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Unvaccinated Far More Likely to Die of COVID

Moderna 'moderately' more effective at preventing hospitalization, but all 3 get thumbs-up overall
By Jenn Gidman,  Newser Staff
Posted Sep 10, 2021 2:33 PM CDT
New CDC Research Bolsters Support for COVID Vaccines
Stock photo.   (Getty Images/insta_photos)

(Newser) – President Biden is getting pushback, mostly from GOP circles, on the sweeping vaccine mandates his administration put into place this week, but new CDC research may help nudge the vaccine-hesitant into getting their shots without any further directive. Per the Washington Post, the three new studies published Friday "highlight the continued efficacy" of the Pfizer, Moderna, and Johnson & Johnson vaccines, especially for keeping hospitalizations and ER visits at bay—even with the highly contagious delta variant of the coronavirus thrown into the mix. More on the new research:

  • Study No. 1: Unvaccinated people were about 10 times more likely to die of COVID than those who'd been vaxxed over the spring and summer, this research shows. Meanwhile, those who hadn't received their jabs were nearly 12 times as likely to be hospitalized as those who had.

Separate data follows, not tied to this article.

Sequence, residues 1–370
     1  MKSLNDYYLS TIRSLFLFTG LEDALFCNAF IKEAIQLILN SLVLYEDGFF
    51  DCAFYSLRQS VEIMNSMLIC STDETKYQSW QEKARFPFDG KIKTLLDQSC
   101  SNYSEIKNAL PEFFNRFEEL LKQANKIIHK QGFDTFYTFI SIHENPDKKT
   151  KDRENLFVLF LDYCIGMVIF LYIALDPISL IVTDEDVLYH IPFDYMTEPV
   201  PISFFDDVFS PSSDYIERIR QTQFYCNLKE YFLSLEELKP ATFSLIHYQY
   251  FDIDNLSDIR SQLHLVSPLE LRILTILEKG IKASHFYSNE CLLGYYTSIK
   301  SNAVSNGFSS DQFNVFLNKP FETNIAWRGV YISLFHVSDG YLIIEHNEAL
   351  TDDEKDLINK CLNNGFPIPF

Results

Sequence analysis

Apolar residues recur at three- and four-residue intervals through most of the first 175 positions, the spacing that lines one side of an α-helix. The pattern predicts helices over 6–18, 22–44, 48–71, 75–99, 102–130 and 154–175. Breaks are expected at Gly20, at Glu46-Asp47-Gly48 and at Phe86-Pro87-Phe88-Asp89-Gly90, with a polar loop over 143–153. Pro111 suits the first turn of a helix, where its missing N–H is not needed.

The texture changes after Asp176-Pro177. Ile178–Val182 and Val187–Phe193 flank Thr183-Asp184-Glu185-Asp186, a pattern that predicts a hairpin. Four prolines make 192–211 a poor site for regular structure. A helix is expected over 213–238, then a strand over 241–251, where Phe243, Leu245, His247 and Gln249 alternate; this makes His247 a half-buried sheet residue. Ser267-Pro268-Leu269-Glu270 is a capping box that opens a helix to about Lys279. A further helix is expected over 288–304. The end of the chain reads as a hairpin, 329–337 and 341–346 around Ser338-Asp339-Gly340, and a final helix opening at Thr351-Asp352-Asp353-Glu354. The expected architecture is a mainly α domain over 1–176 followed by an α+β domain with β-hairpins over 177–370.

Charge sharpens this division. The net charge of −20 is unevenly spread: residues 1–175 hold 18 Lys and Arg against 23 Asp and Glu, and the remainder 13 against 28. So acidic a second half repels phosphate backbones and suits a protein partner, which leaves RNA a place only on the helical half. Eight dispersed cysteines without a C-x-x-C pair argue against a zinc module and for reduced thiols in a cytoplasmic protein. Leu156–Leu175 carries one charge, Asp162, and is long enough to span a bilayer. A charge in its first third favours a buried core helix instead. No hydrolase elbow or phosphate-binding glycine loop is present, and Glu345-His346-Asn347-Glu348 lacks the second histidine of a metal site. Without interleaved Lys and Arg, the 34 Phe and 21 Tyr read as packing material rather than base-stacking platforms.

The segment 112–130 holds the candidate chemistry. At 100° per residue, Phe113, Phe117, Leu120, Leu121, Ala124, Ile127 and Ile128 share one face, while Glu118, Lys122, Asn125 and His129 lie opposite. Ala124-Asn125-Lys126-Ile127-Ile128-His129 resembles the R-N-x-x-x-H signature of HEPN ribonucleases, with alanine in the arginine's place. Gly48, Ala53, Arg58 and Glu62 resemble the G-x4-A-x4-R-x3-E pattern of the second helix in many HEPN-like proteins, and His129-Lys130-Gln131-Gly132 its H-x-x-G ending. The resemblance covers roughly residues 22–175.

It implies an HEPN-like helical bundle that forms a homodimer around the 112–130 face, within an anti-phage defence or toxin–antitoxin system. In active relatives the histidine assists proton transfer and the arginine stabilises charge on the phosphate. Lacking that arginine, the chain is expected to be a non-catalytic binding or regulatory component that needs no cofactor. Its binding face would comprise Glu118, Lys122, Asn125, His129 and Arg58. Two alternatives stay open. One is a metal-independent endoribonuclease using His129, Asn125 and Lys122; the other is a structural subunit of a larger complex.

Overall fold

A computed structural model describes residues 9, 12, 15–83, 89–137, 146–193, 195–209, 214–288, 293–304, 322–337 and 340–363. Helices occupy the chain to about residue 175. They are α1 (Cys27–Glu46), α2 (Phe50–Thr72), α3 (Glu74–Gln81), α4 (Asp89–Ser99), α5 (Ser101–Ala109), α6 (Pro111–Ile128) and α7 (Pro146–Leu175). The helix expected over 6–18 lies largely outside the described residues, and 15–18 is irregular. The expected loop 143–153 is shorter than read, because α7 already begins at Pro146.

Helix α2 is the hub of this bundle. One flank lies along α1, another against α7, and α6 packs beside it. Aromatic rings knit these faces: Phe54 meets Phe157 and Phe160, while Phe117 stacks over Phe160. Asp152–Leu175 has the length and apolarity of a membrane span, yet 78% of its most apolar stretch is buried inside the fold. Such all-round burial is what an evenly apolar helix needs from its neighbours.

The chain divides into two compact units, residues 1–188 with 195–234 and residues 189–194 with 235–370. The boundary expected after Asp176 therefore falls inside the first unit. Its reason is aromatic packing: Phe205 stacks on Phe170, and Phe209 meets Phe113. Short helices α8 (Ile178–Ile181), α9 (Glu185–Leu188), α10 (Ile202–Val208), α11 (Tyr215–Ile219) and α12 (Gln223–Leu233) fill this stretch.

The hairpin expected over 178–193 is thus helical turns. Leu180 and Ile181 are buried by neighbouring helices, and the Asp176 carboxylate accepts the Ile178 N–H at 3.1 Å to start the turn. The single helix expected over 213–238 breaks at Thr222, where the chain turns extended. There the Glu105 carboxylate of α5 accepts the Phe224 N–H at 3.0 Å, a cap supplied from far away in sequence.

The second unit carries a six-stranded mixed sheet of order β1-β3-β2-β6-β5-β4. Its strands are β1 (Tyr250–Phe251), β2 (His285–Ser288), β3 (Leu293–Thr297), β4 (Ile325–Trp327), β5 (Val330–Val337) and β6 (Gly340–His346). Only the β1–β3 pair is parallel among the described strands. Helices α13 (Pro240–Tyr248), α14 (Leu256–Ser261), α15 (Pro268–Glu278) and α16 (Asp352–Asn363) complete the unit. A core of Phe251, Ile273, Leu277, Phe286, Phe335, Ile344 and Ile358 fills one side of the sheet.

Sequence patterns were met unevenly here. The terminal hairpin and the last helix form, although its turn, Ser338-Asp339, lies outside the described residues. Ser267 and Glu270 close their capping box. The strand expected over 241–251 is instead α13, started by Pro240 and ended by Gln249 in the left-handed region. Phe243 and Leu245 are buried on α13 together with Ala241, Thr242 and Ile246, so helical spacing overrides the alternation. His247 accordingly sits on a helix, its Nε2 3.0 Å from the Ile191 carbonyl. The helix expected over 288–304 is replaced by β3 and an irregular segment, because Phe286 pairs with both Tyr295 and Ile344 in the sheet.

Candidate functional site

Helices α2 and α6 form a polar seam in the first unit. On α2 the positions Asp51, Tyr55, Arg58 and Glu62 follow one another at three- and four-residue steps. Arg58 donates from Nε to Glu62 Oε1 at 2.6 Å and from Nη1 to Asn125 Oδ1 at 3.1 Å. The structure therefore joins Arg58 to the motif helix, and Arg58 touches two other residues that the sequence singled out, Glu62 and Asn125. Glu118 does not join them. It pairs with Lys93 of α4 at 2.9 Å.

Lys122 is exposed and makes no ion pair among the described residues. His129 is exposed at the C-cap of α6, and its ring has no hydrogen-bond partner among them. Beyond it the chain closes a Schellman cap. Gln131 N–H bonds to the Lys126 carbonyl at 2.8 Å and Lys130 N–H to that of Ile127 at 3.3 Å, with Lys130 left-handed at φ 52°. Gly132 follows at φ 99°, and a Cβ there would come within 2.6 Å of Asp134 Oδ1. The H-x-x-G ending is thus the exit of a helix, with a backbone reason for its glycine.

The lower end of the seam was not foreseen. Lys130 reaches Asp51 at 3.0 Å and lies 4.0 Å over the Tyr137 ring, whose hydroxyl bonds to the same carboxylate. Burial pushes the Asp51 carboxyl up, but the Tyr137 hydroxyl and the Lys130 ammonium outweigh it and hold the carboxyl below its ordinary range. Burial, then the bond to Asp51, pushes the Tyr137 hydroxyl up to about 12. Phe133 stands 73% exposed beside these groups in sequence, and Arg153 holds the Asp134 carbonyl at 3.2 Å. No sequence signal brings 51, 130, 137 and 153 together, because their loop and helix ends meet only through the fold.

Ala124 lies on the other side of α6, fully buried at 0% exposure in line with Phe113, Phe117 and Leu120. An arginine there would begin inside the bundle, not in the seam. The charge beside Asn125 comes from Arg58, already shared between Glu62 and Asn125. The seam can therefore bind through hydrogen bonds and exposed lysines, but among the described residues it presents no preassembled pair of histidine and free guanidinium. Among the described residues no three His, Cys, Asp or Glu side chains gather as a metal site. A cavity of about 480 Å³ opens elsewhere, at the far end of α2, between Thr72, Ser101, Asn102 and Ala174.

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  • Study No. 2: This research looked at the two mRNA vaccines (Pfizer and Moderna) used on US veterans hospitalized at five Veterans Affairs Medical Centers across the US from Feb. 1 to Aug. 6. The findings: These two vaccines were 87% effective in preventing COVID-tied hospitalizations, even once delta entered the picture. That figure dropped to 80% for individuals 65 and older, and came in at 95% for those 18 to 64.
  • Study No. 3: The Moderna vaccine was "moderately more effective" at preventing hospitalizations than Pfizer or J&J, in what the Post calls the "largest US study to date of the real-world effectiveness of all three vaccines." The three vaccines collectively offered an 86% efficacy rate against hospitalization, but Moderna alone boasted a 95% rate, while Pfizer came in at 80%, and Johnson & Johnson at 60%.
  • What's Moderna's advantage? Although it's not clear, the Post notes that Moderna's mRNA dose is triple that of Pfizer's, and the delay between the first and second Moderna shot is four weeks, not three like Pfizer's—lending credence to the theory that waiting longer between the jabs might lead to greater immunity.
  • The bottom line: "We have the scientific tools we need to turn the corner on this pandemic," CDC chief Rochelle Walensky said at a COVID briefing on Friday. "Vaccination works and will protect us from the severe complications of COVID-19."
More here, here, and here. (Read more coronavirus vaccine stories.)

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